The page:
Netflix's Death Note is a solid and well-acted adaptation [Review]

Netflix's Death Note is a solid and well-acted adaptation [Review]

Get past the commotion about changes from the source material and you'll find a good movie with an interesting plot and chemistry between the leads

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The battle of wits between leads Light and L is what makes this a thrilling ride.
Photo: Netflix

If you must blink, do it now, for if you do it during the movie, you’ll lose the plot. Before we venture into the mechanics of this variation Death Note we need to make a few disclaimers: yes, we know, it comes from a massive manga, yes we know fans don’t like it. Yes we know there should have been more Asian Americans in it. But let’s just look at the movie itself.

Death Note is the latest YA offering on Netflix and it makes a welcome break from the tough-girl movies that everyone seems to be making these days. The plot of the film is simple. Light Turner played by Nat Wolff, is a bit of an outcast at school – detention, getting bullied, that sort of thing. One day a book literally falls from the sky and of course he picks it up. The book says that if he wants someone dead all he has to do is write their name in the book and it will be done.


Netflix's manga-based film Death Note had to negotiate some thorny cultural land mines


Having a healthy teenage scepticism, Light doesn’t fall for it. But when a death god shows up for detention, and later convinces him to give the book a try, he does. It works. Light realises he wields immense power, and he has a score to settle with a gang boss that killed his mother. While the scope for gore is endless, director Adam Wingard keeps it contained to “quite shocking”.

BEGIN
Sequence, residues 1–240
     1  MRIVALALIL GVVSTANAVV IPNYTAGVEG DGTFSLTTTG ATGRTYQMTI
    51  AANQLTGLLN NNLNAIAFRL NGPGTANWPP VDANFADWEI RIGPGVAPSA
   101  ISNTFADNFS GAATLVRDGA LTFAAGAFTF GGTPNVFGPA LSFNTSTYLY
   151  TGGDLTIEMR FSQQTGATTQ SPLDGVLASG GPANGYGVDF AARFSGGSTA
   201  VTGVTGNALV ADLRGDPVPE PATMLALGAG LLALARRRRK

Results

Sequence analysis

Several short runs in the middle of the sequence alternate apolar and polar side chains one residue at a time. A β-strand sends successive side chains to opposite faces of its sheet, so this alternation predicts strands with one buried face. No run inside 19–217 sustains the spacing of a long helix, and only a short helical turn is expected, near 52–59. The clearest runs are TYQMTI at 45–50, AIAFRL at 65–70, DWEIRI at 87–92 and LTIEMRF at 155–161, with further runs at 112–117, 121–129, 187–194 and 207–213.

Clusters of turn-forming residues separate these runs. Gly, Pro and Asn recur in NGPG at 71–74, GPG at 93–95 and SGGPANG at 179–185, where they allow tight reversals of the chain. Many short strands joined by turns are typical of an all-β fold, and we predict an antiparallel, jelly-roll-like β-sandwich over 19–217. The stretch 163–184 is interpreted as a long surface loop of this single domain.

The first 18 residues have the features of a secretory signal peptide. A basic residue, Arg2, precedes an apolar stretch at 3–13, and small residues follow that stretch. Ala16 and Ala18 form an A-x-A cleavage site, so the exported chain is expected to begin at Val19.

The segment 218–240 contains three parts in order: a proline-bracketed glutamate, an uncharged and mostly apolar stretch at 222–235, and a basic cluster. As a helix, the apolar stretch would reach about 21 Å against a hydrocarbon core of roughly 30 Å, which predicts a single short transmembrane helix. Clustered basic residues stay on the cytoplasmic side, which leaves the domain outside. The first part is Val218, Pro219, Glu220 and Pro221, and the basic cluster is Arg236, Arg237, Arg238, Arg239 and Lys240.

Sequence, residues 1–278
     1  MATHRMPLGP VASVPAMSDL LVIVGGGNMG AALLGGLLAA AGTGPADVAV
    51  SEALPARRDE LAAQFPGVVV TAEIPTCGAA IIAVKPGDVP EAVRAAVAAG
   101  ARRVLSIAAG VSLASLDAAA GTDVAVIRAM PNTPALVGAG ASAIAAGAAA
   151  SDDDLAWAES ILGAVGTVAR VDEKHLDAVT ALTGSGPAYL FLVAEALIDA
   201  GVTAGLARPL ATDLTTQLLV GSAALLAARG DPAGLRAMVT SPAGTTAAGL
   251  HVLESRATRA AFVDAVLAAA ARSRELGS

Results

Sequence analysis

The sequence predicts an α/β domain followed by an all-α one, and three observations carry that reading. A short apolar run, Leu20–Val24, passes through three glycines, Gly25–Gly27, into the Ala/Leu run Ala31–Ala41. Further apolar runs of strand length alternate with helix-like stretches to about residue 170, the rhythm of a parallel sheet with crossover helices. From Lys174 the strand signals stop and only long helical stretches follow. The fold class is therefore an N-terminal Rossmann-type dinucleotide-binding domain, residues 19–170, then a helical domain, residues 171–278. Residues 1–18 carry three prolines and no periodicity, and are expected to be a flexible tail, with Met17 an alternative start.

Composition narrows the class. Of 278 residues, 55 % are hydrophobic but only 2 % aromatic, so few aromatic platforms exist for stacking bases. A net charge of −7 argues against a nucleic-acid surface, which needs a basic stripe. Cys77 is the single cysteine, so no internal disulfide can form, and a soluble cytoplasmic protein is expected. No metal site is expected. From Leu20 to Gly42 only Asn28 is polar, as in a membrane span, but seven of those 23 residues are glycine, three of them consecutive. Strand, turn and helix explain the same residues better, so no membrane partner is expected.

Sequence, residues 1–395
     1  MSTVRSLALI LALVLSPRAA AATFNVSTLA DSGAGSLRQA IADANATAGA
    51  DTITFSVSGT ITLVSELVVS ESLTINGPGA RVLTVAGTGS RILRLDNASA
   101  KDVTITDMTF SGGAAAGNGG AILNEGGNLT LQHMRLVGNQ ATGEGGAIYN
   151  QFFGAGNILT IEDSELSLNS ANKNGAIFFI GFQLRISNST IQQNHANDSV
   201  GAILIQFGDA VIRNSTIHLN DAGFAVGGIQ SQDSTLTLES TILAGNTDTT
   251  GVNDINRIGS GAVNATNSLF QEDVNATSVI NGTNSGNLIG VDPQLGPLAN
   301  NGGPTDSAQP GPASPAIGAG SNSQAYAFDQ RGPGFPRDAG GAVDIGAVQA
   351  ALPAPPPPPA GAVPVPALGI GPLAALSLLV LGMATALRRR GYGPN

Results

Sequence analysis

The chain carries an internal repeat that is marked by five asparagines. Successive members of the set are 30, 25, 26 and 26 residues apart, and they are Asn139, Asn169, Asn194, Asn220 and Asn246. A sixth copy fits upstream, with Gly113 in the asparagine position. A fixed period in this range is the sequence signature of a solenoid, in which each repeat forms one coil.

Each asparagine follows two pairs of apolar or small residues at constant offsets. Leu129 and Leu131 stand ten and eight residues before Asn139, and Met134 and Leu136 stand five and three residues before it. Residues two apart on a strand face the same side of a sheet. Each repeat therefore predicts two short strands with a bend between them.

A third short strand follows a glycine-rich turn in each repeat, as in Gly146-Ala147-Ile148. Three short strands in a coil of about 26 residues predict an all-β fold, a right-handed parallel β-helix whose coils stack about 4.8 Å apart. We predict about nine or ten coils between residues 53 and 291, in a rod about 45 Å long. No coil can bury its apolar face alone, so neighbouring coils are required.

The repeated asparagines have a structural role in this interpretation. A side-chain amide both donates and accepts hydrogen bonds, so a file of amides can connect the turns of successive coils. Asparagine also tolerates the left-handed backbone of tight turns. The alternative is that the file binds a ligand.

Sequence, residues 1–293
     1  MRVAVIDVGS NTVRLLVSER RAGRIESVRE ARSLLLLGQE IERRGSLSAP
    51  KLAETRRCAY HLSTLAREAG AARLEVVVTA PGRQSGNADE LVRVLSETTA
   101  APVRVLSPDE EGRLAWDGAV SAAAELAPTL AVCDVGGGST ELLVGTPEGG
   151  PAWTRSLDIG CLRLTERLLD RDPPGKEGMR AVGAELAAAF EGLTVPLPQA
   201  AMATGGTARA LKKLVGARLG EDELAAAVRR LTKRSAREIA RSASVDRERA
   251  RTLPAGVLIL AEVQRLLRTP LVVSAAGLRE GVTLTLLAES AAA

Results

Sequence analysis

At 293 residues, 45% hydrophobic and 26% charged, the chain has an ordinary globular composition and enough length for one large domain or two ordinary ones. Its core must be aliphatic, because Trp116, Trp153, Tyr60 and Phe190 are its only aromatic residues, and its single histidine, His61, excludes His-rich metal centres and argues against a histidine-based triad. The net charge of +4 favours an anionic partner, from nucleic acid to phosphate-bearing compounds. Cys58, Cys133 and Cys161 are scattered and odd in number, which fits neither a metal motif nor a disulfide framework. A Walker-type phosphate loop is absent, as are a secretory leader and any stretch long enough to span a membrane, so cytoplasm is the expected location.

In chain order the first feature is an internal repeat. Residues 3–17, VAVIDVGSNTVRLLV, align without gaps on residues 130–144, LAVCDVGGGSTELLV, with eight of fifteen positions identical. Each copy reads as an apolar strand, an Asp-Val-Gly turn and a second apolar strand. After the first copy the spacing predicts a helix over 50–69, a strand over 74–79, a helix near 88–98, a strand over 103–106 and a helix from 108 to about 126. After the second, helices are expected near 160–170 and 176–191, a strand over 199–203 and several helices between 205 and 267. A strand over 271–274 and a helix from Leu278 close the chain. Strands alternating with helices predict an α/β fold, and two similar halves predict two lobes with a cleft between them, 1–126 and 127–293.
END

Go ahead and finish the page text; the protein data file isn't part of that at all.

Enter Mia, played by Margaret Qualley, who quite likes Light. When she finds out what kind of power he has, she’s even more insatiable than he about whose name should be in the book. They both realise that they can be the justice warriors that no one else can, killing evil people all over the world. Light decides that the killer needs a name, so that everyone will know these inexplicable deaths are being carried out by one person. He comes up with the name “Kira” and it’s not long before “Kira” has a huge cult following.


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At first police, including Light’s father, are quite happy with the way justice is being dealt to all who deserve it. But it’s not long before serious questions need to be asked, the most important being “who is Kira”. Enter L, outstandingly played by Lakeith Stanfield, a very strange but superbly clever detective who devises a way of outing Kira.

Watching Light squirm when he realises that maybe just killing folks you think are bad is not such a good idea, and as he desperately tries to hide the truth from his father, is very satisfying. Mulling the dilemmas Light faces as things slide out of control, is definitely food for thought. The ending is thrilling, heart stopping stuff that will leave you wanting more . . . which is lucky because there’s a lot of room for more.

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